“Tell the Moon to Come Out,” “Illustrated Oxford Dictionary”


“Tell the Moon to Come Out,” Joan Lingard, Puffin Books; 2003; 208 pp.

How many times have you seen this happen at school? The English teacher gives the class a topic to write on, and everyone comes up with something different. In fact, some of the essays are so inventive that you find it hard to believe everyone started out with the same basic theme.

This happens to children’s fiction writers, too. They might draw inspiration from the same topic, but how they treat their subject matter makes all the difference.

Take Joan Lingard’s “Tell the Moon to Come Out,” a story of young love and of a boy’s relentless search for his father through wartime Spain. Compare this with, for instance, another children’s book in the war-fiction genre, Michael Cronin’s “Through the Night” (see this column, April 3, 2003).

While Cronin’s fast-paced narrative capitalizes on the conflict between the oppressors and the oppressed, Lingard is in no hurry to make such judgments. She takes her time to tell the story, and wartime events take a back seat to characterization and atmosphere.

Nick, the Scottish-born son of a Spaniard, has just sneaked into Civil War Spain to find his father, who returned home to fight for the Republicans against Gen. Francisco Franco. If you’re new to this chapter in history, here’s a quick recap: 1930s Spain was polarized between the Nationalists and the Republicans. After the Republican Popular Front won the 1936 elections, Franco and the Nationalists who supported him staged a military uprising to seize power. Both sides sought help from abroad: Franco from Hitler and Mussolini; the Republicans from France, Britain and the USSR. But, as Lingard points out, both sides ended up with blood on their hands.

She depicts a Spain divided by fear and distrust. The civil guards are the most fearful face of the repressive Franco regime, in their gray-green uniforms and patent-leather tricorn hats. Everyone dreads that knock on the door in the middle of the night announcing a visit from them; suspected dissidents are dragged out into the street and shot in the head.

As Nick journeys across Spain without any official papers, he must constantly make difficult judgment calls about whom he should trust. But Lingard never lets the grimness of war completely take over. She paints rural Spain with warmth — the rugged countryside, the searing afternoon sun that drives people home for their siestas, the highway travelers on their donkeys. It is here that Nick meets Isabel, a local girl whose father is a Civil Guard. Despite their disagreements in matters of politics, Isabel saves Nick’s life and changes it forever. As they search together for his father, they meet many people along the way who help them, expecting nothing in return.

A poignant tale of a young man’s seemingly impossible quest, this is also an engaging introduction to Spanish history. This isn’t a brisk read in which the good guys trounce the bad guys. Instead it’s a lingering look at Spain in all its easygoing vitality and color. What we get is a sense that even in wartime, there are moments — however fleeting — that allow us to experience the pleasant sensations of life acutely.

As Francisco, a friend of Nick’s father, tells him: “In the war, you enjoy yourself when you can. Whenever there is a lull. You live for the hour. It sharpens life.”

For teenagers 13 years and up. Available from September at Kinokuniya, Shinjuku, (03) 3354-0131.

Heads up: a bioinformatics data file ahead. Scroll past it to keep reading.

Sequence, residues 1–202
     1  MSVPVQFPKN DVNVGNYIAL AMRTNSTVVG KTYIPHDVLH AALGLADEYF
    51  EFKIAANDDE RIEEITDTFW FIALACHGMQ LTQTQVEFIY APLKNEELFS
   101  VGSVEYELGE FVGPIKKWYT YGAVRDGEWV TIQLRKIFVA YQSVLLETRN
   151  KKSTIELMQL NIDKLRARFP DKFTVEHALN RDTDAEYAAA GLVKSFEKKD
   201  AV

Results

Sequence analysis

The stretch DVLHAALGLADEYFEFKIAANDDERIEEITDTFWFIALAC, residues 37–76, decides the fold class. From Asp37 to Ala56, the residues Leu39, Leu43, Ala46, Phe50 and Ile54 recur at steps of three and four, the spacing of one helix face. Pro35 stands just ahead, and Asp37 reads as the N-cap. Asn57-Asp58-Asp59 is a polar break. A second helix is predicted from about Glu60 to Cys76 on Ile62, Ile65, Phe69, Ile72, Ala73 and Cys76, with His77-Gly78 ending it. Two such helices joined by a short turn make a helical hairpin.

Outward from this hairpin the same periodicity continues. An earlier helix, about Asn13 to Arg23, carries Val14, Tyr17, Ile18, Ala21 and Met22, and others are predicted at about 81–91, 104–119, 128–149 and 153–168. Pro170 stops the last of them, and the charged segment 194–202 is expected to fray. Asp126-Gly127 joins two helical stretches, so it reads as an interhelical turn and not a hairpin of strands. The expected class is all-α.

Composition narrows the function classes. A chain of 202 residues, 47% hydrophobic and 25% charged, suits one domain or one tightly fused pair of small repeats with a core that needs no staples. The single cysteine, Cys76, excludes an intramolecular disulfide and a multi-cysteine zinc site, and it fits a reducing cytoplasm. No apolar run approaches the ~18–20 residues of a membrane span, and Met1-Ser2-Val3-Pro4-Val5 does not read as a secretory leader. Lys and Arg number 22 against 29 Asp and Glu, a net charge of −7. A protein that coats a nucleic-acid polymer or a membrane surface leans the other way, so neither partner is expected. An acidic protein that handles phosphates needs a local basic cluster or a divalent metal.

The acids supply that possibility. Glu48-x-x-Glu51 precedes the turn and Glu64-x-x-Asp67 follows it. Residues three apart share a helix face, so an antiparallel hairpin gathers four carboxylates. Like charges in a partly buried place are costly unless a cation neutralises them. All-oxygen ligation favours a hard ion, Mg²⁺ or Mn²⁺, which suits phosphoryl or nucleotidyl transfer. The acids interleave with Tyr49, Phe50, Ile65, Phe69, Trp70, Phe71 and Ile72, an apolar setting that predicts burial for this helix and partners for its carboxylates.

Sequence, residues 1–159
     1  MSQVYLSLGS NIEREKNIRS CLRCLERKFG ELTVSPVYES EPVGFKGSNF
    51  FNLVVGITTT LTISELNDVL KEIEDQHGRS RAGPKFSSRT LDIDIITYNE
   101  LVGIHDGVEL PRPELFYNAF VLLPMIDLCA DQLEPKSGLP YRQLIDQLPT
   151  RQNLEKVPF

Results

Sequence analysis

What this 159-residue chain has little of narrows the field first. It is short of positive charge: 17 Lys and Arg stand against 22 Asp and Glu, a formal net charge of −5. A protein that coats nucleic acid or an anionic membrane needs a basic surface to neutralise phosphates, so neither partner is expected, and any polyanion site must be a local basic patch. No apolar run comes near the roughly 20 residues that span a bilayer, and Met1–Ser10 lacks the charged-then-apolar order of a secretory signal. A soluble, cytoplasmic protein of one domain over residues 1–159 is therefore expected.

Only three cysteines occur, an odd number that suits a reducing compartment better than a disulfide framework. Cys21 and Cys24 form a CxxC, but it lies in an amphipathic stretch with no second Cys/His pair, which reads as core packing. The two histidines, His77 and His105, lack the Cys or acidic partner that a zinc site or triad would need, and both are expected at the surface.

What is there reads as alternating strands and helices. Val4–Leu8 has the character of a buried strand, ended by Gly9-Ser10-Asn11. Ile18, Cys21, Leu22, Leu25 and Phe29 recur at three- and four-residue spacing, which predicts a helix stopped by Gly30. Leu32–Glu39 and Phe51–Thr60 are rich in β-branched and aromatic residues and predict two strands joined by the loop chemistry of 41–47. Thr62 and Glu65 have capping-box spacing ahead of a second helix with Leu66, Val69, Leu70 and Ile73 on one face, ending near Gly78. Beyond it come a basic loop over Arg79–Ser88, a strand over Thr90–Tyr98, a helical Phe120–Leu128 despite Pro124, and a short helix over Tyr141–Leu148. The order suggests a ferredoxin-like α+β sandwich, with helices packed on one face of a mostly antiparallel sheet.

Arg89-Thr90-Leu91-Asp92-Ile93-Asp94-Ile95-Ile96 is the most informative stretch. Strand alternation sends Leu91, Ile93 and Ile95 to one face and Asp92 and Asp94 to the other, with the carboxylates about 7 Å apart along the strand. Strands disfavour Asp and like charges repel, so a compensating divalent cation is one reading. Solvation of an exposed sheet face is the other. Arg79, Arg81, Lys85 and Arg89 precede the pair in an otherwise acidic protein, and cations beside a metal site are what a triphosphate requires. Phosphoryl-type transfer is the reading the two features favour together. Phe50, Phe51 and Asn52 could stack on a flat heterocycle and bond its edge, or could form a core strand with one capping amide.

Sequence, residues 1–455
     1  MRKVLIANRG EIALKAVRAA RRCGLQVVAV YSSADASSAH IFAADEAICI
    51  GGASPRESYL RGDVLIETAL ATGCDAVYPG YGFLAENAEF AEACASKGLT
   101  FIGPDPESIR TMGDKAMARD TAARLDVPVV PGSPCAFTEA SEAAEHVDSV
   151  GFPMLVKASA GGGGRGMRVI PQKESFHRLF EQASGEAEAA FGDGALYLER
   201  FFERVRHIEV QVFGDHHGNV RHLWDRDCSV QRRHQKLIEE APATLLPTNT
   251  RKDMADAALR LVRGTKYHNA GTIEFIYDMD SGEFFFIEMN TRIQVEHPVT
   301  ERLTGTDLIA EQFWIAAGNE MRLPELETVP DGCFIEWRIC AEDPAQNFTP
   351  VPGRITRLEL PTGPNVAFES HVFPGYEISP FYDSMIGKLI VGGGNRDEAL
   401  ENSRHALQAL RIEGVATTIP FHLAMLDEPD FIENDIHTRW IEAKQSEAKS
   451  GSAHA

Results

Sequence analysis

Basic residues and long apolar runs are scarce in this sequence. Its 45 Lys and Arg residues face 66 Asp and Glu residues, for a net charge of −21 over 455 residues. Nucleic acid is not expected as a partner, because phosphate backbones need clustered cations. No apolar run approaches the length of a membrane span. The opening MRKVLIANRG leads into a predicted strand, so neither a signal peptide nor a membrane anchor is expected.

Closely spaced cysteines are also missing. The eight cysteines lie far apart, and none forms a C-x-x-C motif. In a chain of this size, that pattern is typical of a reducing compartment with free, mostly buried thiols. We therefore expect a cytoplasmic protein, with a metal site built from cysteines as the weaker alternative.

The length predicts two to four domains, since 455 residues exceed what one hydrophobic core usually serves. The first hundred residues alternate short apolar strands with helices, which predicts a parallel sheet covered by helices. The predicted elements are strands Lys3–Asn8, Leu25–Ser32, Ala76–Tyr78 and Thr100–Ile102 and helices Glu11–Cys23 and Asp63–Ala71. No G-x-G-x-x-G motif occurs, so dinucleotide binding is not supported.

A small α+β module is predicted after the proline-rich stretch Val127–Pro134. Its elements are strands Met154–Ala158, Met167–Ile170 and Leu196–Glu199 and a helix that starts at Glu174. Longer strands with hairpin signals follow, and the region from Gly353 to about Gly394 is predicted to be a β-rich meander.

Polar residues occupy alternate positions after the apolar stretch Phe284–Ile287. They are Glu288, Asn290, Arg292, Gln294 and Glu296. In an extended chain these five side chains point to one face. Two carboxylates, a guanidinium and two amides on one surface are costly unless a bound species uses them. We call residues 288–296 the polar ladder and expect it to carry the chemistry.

“Illustrated Oxford Dictionary,” Dorling Kindersley; 2003; 1008 pp.

So you’re studying all about South America in geography class and you want to know what a gaucho is. You look it up in the dictionary and it says: “a cowboy from the South American pampas.” OK. That helps — but you still have questions, right? It gets you conjuring up images of South American cowboys, but if only you could see one.

Now you can. The gaucho pictured in DK’s Illustrated Oxford Dictionary comes wearing bombachas (bloused trousers) and a panuelo (knotted scarf), with a boldeadoras (lasso) in hand. Once you’ve seen this fellow for yourself, it’s hard to forget him.

Want to see what a modem looks like from inside? Or get a quick look at how nuclear power is produced? Or simply learn how to tell a tawny owl from a barn owl?

The publishers of this dictionary understand that a picture is worth a thousand words. So they’ve packed this volume not only with 187,000 definitions of everything from an abacus to a Zulu, but they’ve also crammed it with 4,500 color illustrations to help you develop a vocabulary that shows not just how much you’ve read, but also how much you’ve seen.

The publishers have carefully picked words that cry out for illustration — they’re usually those where just a written definition falls short. Sometimes a single word embodies an entire concept. For example, to illustrate the word “gem,” a page-full of images is provided so that you can tell an emerald from a peridot, a sapphire from lapis lazuli. Where it’s needed, cutaway diagrams and labeling are given to add details.

The dictionary proper is sandwiched in between a usage guide at the beginning and a reference section at the end. The usage guide helps you figure out how a word is pronounced once you look it up, find its illustration (if it has one), see how it is commonly used and learn about its etymology. (And if you don’t know what etymology is, you know what to do . . .)

The reference section includes political and physical maps of the world, the flags of every country you can think of, a chart of the night sky and a map showing time zones across the world. There’s more — but don’t let me tell you all about it.

This isn’t just a must-have for every classroom; it’s also a great addition to home reference that your parents could use just as easily.